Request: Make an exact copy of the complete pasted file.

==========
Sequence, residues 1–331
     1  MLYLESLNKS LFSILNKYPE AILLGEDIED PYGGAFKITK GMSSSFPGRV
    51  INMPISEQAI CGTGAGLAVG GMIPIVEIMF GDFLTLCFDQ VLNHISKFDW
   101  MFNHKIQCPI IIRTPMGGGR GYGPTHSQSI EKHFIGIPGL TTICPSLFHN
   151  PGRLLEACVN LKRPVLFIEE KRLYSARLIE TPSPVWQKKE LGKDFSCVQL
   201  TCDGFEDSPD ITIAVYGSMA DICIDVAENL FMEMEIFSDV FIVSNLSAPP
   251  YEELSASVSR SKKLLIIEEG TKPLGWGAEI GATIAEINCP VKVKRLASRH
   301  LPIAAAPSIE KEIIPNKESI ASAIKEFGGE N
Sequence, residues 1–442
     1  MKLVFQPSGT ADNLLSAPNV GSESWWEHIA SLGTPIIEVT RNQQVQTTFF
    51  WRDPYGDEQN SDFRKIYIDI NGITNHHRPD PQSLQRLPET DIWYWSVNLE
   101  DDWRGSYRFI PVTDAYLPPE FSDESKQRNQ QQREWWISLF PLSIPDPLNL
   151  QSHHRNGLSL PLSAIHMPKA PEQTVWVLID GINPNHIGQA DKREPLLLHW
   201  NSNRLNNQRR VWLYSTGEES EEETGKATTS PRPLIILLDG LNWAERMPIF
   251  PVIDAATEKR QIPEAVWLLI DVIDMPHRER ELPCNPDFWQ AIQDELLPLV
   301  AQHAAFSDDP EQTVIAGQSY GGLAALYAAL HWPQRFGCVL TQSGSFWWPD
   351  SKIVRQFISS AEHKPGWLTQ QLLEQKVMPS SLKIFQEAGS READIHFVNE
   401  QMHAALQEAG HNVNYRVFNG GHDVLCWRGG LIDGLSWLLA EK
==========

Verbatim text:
Sequence, residues 1–331
     1  MLYLESLNKS LFSILNKYPE AILLGEDIED PYGGAFKITK GMSSSFPGRV
    51  INMPISEQAI CGTGAGLAVG GMIPIVEIMF GDFLTLCFDQ VLNHISKFDW
   101  MFNHKIQCPI IIRTPMGGGR GYGPTHSQSI EKHFIGIPGL TTICPSLFHN
   151  PGRLLEACVN LKRPVLFIEE KRLYSARLIE TPSPVWQKKE LGKDFSCVQL
   201  TCDGFEDSPD ITIAVYGSMA DICIDVAENL FMEMEIFSDV FIVSNLSAPP
   251  YEELSASVSR SKKLLIIEEG TKPLGWGAEI GATIAEINCP VKVKRLASRH
   301  LPIAAAPSIE KEIIPNKESI ASAIKEFGGE N
Sequence, residues 1–442
     1  MKLVFQPSGT ADNLLSAPNV GSESWWEHIA SLGTPIIEVT RNQQVQTTFF
    51  WRDPYGDEQN SDFRKIYIDI NGITNHHRPD PQSLQRLPET DIWYWSVNLE
   101  DDWRGSYRFI PVTDAYLPPE FSDESKQRNQ QQREWWISLF PLSIPDPLNL
   151  QSHHRNGLSL PLSAIHMPKA PEQTVWVLID GINPNHIGQA DKREPLLLHW
   201  NSNRLNNQRR VWLYSTGEES EEETGKATTS PRPLIILLDG LNWAERMPIF
   251  PVIDAATEKR QIPEAVWLLI DVIDMPHRER ELPCNPDFWQ AIQDELLPLV
   301  AQHAAFSDDP EQTVIAGQSY GGLAALYAAL HWPQRFGCVL TQSGSFWWPD
   351  SKIVRQFISS AEHKPGWLTQ QLLEQKVMPS SLKIFQEAGS READIHFVNE
   401  QMHAALQEAG HNVNYRVFNG GHDVLCWRGG LIDGLSWLLA EK